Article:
Maharashtra’s ban on the slaughter of bulls & bullocks will impact more than a million people. Most will have no option but to find alternative sources of income.
It has been 12 days since the state government of Maharashtra’s ban on the slaughter of bulls and bullocks for the production of beef came into effect.
The state administration has tried to ensure an almost overnight implementation of the ban as the slaughter was stopped in north-east Mumbai’s Deonar Abattoir from March 3.
Deonar is one of Asia’s largest slaughter houses with a capacity to produce a 1,00,000 kilos of beef a day. The facility, which was constructed in 1971, employs over 1,000 men (no women) and has provisions to house 600 bulls and buffaloes, 12,000 sheep and goats and 200 pigs.
The ban has also led to Mumbai’s 1,000 licensed beef traders shutting shop. Beef shops across the city now wear a deserted look and many have downed their shutters.
The traders have approached the Bombay High Court to request they be allowed to sell their remaining stock and to stay the implementation of the ban. Khalique Ahmed, Chairman, Bombay Suburban Beef Dealer’s Welfare Association says, “Even though the Bombay HC gave us temporary relief, the police and groups who are for the ban, have started harassing and seizing our livestock. Now we have petitioned to the HC that traders across the state should be provided a reasonable amount of time to dispose of the livestock.”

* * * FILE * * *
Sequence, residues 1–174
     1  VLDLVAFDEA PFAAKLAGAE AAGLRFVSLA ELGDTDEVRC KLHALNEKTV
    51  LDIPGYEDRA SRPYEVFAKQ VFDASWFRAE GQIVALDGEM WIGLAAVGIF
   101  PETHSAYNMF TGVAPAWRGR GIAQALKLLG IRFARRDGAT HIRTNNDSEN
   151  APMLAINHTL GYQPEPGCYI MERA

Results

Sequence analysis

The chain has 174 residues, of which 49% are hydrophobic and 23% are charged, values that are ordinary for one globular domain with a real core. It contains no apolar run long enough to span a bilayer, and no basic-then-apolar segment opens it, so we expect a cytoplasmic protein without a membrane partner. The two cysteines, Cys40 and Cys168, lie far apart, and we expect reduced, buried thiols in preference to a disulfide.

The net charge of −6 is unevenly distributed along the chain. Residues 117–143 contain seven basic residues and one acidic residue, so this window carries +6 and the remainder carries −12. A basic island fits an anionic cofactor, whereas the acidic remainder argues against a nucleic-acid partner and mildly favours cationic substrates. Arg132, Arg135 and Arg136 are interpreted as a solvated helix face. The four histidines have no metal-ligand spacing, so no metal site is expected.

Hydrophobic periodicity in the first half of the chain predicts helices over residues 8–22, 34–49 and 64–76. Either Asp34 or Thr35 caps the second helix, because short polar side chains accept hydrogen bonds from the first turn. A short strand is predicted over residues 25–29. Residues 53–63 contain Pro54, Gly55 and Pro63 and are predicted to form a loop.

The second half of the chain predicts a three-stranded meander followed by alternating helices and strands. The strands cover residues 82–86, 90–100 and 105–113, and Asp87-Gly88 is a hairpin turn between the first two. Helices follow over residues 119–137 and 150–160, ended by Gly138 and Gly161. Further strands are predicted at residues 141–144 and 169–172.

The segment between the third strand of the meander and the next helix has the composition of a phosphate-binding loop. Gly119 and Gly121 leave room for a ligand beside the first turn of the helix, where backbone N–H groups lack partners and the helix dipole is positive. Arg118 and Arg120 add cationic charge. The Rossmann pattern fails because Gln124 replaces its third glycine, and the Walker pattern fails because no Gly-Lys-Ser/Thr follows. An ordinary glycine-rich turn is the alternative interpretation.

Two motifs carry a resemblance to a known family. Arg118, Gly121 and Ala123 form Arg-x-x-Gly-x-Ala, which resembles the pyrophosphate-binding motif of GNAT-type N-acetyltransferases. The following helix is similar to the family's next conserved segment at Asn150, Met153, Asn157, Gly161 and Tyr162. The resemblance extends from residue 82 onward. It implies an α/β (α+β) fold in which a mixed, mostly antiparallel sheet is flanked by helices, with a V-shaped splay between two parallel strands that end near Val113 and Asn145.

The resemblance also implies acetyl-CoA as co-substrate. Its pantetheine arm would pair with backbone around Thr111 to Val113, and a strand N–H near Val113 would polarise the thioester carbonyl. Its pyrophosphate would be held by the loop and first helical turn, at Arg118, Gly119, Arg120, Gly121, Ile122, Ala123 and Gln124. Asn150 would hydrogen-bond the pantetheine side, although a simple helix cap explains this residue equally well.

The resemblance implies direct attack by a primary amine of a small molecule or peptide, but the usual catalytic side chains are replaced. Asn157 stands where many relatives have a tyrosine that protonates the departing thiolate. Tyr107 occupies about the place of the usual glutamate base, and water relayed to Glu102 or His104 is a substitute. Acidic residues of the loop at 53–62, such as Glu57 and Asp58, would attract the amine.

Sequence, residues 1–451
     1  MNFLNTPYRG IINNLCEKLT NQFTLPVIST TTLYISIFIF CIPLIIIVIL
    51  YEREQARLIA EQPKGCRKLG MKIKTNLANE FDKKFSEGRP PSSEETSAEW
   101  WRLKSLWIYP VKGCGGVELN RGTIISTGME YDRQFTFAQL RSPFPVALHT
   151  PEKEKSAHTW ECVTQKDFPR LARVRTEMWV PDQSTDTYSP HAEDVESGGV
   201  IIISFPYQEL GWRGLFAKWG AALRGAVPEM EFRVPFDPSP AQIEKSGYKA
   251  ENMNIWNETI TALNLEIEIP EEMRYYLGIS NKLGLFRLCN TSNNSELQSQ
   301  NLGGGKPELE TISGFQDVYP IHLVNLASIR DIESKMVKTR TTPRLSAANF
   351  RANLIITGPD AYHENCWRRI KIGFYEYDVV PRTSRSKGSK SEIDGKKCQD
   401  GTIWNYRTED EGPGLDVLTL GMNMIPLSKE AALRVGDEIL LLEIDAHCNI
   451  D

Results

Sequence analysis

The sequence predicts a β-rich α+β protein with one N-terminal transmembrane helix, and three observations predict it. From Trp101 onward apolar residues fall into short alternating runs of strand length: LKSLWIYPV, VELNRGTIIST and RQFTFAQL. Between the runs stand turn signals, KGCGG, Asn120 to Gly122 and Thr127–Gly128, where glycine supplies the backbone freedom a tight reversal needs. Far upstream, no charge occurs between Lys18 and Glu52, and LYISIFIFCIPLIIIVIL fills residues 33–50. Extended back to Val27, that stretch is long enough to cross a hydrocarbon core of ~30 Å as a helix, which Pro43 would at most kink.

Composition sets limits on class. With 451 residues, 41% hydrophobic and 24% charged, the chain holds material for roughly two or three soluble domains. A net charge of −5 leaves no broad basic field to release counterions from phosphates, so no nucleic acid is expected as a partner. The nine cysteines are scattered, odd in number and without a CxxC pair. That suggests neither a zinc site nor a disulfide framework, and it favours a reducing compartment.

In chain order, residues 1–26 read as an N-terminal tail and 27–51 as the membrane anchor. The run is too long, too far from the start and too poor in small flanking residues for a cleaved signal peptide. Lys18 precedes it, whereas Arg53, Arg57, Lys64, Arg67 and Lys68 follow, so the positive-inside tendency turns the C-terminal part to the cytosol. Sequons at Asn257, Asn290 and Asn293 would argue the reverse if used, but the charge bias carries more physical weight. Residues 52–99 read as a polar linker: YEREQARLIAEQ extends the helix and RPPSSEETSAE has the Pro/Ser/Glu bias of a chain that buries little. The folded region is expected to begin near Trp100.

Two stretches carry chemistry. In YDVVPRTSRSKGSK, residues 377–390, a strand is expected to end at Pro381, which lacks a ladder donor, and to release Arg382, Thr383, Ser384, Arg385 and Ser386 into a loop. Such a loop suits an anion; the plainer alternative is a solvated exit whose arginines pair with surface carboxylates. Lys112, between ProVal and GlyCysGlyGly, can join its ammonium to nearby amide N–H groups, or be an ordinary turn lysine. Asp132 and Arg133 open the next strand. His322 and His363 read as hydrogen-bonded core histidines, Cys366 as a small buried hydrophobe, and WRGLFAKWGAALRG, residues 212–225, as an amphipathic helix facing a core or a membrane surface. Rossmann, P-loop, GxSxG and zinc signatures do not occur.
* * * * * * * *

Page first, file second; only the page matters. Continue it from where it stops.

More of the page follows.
The Bombay High Court on March 11 has asked the state government to clarify the exact date from which the Maharashtra Animal Preservation (Amendment) Bill, 1995 which bans the slaughter of bullocks and bulls, came into force. The Court also observed that the industry be given time to cope with the ban.
Maharashtra has close to 150,000 cattle merchants in the beef trade who procure old and infirm cattle from farmers. The merchants pay anywhere from Rs. 15,000 to Rs. 25,000 for each animal which produces about 200 kilos of beef. These animals are purchased from the Agriculture Produce Marketing Committee (APMC) markets in Satara, Sangli and Sangamner and then sold to licensees in Mumbai.
These traders are now facing a loss going into millions of rupees as Mumbai is a huge market for beef due to a large number of restaurants—ranging from roadside stalls in the slums of Govandi to the five-star hotels that host expatriates and foreign tourists.
The beef industry also employs a large number of daily-wage labourers who help beef shops and butchers in the transportation and delivery of carcasses that come from the Deonar slaughter house. Loaders make on average of Rs. 300 a day and they have now been without work since March 3. Praveen, who works as a loader in Bandra’s Behram Nagar says, “This job helps me and my family of five to make do. I have not had any formal schooling so I don’t know where else to go for work. If the government has taken away my source of livelihood then I want them to provide an alternative”.
This refrain is heard across the board as protests are being planned as well as petitions being prepared to challenge the Bill, which the industry has termed “unfair, unjust and draconian”.
|Who’s Affected ?||How many?||How much do they earn?|
|Shop Owners||1000 (in Mumbai)||NA|
|Loaders||10,000 (in Mumbai)||Rs. 300/day|
|Cattle Merchants||1,50,000 (in Maharashtra)||NA|
|Butchers||4000 (in Mumbai)||Rs. 400/day|